We thought that $$$$$, friendship and Muslim solidarity would pour in from the other side of the Syrian border. We thought that the fences that had been the Syrian border would disappear. We thought that a Middle Eastern Coal and Steel Community was in the making. Instead, bombs pour in, kill locals and we shell Syrian targets in retaliation. I would be content to have a hundred troubles with neighbors instead of zero problems, but war and bloodshed instead of zero problems is too large a deviation.
When official policy digresses this much from its original course it is quite normal if locals from the border town are sprayed with pepper gas by the Turkish police after having been shelled by the (non-free) Syrian Army. The angry townspeople were dispersed after they marched to the governor’s office to protest about the deaths of five people.
But that’s not the only Turkish irony. Turkey is probably the only country in the world claiming that two countries that are technically at war with each other owe it an apology for killing its civilians. We know the Turkish conditions for normalization of ties with Israel: An official apology for killing nine Turkish citizens aboard the Mavi Marmara in 2010, compensation for the families of the victims, and the removal of the naval blockade of the Gaza Strip.
What could the conditions for normalization along the Syrian border be? An official apology for the downing of the RF-4E reconnaissance aircraft on June 22 and for firing shells into the town of Akcakale on the border, compensation to the families of the two pilots and five civilians. What else? Certainly, regime change in Damascus. Not enough. A break off from Iran
and consequently Sunni
rule in Damascus is another sine qua non.
Apparently, Turkey is being dragged into a bizarre coalition of the willing for regime change in Syria. It’s bizarre, because Turkey is fast heading to becoming a solo coalition of the willing, with several pats on the shoulder from its Western and Sunni
allies. We thought that Turkey would become a regional power, not a regional hit man.
But I am sure Prime Minister Recep Tayyip Erdoğan
will have plenty of time to discuss Syria with Russian
President Vladimir Putin during their planned meeting in Ankara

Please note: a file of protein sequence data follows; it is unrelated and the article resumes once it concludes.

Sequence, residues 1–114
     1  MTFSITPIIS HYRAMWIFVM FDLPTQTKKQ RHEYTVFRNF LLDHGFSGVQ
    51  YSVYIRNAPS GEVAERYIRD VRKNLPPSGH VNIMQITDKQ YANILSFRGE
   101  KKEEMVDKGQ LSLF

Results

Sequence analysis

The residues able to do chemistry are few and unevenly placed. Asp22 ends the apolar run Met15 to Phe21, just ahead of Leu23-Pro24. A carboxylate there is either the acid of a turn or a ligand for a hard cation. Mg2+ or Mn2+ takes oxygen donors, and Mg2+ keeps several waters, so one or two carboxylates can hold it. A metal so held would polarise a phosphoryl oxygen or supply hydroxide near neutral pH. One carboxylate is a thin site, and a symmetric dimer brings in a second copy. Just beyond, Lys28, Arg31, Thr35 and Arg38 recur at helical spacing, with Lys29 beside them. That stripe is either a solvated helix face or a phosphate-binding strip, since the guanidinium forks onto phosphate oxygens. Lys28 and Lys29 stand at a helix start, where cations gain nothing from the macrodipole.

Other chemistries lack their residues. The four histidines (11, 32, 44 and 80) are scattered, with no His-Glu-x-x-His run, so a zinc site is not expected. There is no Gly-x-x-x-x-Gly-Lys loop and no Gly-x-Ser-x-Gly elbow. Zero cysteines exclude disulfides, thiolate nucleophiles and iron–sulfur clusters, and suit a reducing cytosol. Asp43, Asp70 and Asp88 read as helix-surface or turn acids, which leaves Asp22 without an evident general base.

Oct. 14. A minor note of caution for Mr. Putin: Watch out President, as Reuters recently warned, “Turkey’s bark is much worse than its bite.”
Fortunately, all the nice words from allies - most notably from Washington and the NATO
headquarters - and the news that the Turkish army had successfully struck back at Syrian targets will cool public tension. Hopefully, the Syrian shelling will become a bad, distant memory that no Turk will remember in half a year, just like the RF-4E affair. Unless, of course, a fresh border incident on either side kills again.
There is one more irony about “Black Wednesday.” Only hours before the Syrian shells were fired into Akçakale and exploded, three suicide bombers detonated cars packed with explosives in a government-controlled area of the battleground city of Aleppo in northern Syria, killing more than 40 people and injuring more than 120. Experts agree that the Aleppo bombing technique is a signature style of al-Qaeda-type jihadist groups aiming to depose Bashar al-Assad.
The irony? Recently, al-Qaeda leader Ayman al-Zawahri called on all Muslims to back the rebels in Syria. Good. Muslim Turkey fully obeys Mr. al-Zawahri’s call for jihad in Syria. But jihad is never cost-free. Jihadists rarely explain why the five civilians killed in the Syrian shelling are innocent victims but the 40 people who died in the Aleppo bombings are just unworthy casualties in a holy war.
In reality, the bombs detonated in Aleppo were “courtesy of jihadists” and the shells exploded in Akçakale were “from Syria with love.”